Dementia Rates Have Dropped by Almost a Third, According to a New Report - These Healthy Habits Can Help Lower Your Risk, Too

Dementia Rates Have Dropped by Almost a Third, According to a New Report – These Healthy Habits Can Help Lower Your Risk, Too

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How often do you think about how great it is to be able to remember random items you need to add to your cart at the supermarket without a list? Or the fact that you can still sing all the lyrics from Lizzo’s debut album? Or how about memories of your last birthday, Thanksgiving, or even remembering the names of people who joined you around the table?

For a significant portion of Americans – for people with dementia – many or all of these tasks present a serious challenge. Three weeks ago, a new study estimates 1 in 10 American seniors have dementiaand a further 22% suffer from mild cognitive impairment (which can progress to full-blown dementia).

But thanks to new research published November 7, 2022 in the journal Proceedings of the National Academy of Sciences (PNAS)we may be seeing a slightly more optimistic trend in terms of collective brain health. Dementia rates have actually declined among people aged 65 and older, from 12.2% of the population in 2000 to just 8.5% in 2016.

Find out why both of these studies may be true at the same time, and explore how to stay mindful and be part of this positive, cognitively sharp trend.

Related: The #1 way to reduce dementia risk, even if you have a family history

What this new brain health report found

To reach this conclusion, the researchers drew on data from 21,000 people who participated in the Health and Retirement Study, a large national survey representative of the population conducted for 20 years. After analyzing the numbers, the researchers found that the age-adjusted prevalence of dementia among people aged 65 and over in 2000 was just over 12%. Just over 1 in 10 American seniors suffered from dementia at that time. By 2016, this rate had fallen to 8.5%, which represents a decline of 3.7 percentage points or approximately 30%.

The decline in dementia rates appears to be particularly steep between 2000 and 2004, the scientists note, and among black men. The prevalence of dementia fell by 7% among black men, compared to a 3% decrease among those who responded to the survey and indicated that they were white men.

Although the rate of dementia among participating women also decreased between 2000 and 2016, from 13.6% to just under 10%, women overall continue to have higher rates of dementia than men. men (whose rates fell from about 10% to 7%). Researchers hypothesize that this disparity may be related to how estrogen affects the brain during menopause, although more research is needed.

Higher levels of overall education and drop in smoking rates in the United States may be a factor in this collective decrease in dementia prevalence, but determining the exact cause of dementia is difficult. In most cases this is a melting pot of risk factors and can include high blood pressure, inactivitya diet low in whole foods, bad sleep and more.

So how can this study hint at an overall decrease, when this earlier study – and CDC data, which estimates that 5 million adults suffered from dementia in 2014, and predicts that this figure will increase to around 14 million by 2060 – are both true?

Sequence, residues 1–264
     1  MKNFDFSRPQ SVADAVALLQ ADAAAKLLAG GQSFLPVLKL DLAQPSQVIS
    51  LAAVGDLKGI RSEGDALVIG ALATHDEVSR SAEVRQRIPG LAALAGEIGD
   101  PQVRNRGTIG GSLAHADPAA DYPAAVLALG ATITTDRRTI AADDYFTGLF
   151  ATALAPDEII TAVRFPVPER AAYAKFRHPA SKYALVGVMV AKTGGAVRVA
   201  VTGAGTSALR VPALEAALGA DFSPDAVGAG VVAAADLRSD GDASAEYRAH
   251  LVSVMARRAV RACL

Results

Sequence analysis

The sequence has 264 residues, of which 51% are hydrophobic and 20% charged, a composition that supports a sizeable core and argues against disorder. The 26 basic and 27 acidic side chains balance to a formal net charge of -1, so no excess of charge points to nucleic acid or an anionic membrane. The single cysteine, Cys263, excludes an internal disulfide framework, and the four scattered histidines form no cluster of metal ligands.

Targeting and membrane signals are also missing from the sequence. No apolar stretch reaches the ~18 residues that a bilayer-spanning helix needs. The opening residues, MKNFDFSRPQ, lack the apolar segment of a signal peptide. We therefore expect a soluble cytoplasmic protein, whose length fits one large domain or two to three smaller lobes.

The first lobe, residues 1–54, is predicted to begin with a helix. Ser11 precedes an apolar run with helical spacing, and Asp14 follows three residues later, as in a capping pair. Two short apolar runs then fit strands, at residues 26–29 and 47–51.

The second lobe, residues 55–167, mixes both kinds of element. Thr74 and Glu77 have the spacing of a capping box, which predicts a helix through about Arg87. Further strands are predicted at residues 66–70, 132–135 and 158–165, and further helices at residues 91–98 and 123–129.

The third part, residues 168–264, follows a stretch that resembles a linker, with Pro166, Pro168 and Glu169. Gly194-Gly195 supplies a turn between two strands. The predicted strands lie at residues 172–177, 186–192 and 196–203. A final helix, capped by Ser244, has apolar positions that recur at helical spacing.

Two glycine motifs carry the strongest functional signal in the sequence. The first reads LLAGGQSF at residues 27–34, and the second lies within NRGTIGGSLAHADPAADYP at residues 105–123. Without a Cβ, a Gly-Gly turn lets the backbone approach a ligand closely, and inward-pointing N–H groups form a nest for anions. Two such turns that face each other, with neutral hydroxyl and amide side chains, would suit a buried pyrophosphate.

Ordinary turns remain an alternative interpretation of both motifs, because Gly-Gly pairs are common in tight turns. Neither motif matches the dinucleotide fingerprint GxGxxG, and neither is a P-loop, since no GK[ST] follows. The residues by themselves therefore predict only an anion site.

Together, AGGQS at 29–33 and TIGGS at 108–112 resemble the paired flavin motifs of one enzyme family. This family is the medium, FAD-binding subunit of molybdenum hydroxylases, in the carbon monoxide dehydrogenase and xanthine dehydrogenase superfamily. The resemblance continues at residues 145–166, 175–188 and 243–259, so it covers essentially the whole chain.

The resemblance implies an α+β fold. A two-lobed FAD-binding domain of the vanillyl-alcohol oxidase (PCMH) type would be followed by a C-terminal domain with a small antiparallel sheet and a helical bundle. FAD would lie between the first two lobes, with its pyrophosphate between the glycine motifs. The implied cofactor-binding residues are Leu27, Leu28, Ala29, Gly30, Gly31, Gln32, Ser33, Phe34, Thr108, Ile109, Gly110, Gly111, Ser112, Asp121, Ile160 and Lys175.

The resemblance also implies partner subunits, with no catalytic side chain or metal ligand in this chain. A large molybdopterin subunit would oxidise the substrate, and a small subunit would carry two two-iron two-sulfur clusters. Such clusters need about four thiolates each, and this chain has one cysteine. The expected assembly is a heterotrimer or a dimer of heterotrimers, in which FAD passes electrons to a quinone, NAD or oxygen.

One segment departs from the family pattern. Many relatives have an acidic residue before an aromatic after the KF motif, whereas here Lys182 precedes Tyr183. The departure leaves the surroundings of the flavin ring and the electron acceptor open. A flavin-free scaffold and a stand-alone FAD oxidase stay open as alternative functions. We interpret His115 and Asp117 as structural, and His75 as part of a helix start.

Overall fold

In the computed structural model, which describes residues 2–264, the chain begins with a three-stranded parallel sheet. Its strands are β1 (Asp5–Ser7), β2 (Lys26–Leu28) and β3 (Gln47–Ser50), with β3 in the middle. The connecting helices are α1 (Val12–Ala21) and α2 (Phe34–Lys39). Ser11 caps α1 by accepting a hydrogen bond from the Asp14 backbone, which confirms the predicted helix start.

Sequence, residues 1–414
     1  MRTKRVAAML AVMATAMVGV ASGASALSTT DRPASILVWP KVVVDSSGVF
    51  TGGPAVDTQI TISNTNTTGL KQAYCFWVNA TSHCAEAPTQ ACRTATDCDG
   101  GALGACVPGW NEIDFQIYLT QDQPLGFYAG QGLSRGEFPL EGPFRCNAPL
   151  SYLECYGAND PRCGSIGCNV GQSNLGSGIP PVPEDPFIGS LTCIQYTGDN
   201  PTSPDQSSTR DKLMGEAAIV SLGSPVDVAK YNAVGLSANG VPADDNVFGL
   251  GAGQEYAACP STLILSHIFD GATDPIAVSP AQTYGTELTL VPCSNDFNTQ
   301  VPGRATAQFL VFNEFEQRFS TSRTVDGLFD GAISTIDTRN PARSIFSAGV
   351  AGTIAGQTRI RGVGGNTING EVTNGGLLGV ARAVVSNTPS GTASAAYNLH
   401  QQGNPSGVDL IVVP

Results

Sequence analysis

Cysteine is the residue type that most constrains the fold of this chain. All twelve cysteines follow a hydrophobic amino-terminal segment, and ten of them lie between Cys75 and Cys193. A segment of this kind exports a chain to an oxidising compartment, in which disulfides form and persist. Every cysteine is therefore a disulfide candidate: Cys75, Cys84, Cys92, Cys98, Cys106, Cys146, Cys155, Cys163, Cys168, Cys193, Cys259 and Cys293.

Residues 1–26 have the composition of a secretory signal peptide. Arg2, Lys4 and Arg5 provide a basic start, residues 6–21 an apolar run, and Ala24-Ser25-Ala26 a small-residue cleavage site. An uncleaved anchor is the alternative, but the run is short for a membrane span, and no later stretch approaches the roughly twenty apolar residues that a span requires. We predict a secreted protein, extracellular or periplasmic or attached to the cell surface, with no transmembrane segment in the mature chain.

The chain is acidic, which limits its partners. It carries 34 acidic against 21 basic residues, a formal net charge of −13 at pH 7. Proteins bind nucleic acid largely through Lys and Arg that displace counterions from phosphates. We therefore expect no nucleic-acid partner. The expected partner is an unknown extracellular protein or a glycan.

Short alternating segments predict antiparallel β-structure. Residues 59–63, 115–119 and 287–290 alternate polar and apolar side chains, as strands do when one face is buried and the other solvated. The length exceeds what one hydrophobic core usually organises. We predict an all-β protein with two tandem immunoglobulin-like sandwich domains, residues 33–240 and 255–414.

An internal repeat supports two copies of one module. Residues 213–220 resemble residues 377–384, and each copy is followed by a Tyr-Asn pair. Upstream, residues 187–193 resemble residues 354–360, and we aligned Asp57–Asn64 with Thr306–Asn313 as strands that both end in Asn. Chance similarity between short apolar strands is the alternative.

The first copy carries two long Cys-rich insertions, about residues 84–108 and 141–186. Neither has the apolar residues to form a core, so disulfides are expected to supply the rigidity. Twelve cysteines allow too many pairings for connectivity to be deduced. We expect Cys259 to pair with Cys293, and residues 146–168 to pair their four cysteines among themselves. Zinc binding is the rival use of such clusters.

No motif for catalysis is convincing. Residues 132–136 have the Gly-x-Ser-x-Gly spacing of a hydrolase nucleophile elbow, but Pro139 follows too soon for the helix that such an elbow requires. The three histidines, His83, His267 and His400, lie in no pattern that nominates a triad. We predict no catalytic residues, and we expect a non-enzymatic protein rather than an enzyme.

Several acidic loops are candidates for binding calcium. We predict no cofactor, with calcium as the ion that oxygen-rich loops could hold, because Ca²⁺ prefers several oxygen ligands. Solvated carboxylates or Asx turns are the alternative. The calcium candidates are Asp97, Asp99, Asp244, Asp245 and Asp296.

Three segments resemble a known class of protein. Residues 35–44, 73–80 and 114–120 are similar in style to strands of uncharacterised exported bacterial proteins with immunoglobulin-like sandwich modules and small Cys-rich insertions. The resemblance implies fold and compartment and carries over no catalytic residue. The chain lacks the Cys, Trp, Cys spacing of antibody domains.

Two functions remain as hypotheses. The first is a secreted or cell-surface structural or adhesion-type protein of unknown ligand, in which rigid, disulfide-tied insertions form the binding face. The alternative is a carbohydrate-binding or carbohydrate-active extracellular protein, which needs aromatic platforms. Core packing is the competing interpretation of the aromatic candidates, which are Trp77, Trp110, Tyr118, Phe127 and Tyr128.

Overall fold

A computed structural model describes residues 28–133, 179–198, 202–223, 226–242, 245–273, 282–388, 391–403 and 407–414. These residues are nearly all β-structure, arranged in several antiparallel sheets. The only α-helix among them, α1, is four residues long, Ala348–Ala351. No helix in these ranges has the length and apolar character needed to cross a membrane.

Because we live longer. There are more Americans living into old age than in past generations (which is great news!), which means that this portion of the elderly now makes up a larger portion of our overall American population.

How to reduce your risk of dementia

Regardless of the exact number of people with dementia or the prevalence percentage, the most important thing to take away from this story is that some of your dementia risk is within your control. Genetic factors certainly affect our brain health — and our total risk of chronic disease — but our daily habits also play a big role.

Since it is impossible to rewrite our family history and scientists are still searching for a cure for dementia, it is wise to focus on the modifiable risk factors or lifestyle habits that are within our control and which have been shown to be linked to brain health.

According to the Alzheimer’s Association risk reduction and prevention guides, here are 10 healthy strategies that can help boost your brain:

  1. Eat a nutritious, well-balanced, low-fat diet refined carbohydrates and contains enough alimentary fiber (the DASH Dietthe mediterranean diet and the SPIRIT Diet are all smart choices)

  2. manage your arterial pressure

  3. Keep an eye on your cholesterol level

  4. Aim for a stable blood sugar range

  5. Move your body

  6. Don’t smoke and talk to your doctor about help to quit smoking if you do

  7. Try to stay socially connected

  8. Limit alcohol consumption

  9. shoot for 7 to 9 hours of sleep each night

  10. Challenge the brain through puzzles, games, reading, music or other hobbies

The essential

A new report on the brain health of Americans has found that the percentage of people 65 and older with dementia has dropped by about a third. However, as more Americans live longer, the total number of people living with cognitive problems is higher than in recent decades. Some groups, including those who responded to the survey as women, showed less of a decrease in rates than those who responded as men.

Regardless of your gender identity or genetics, incorporating healthy lifestyle habits can help reduce your risk of dementia and strengthen your brain.

Next: Do you have a family history of dementia or Alzheimer’s? Here’s how to protect your brain as you age

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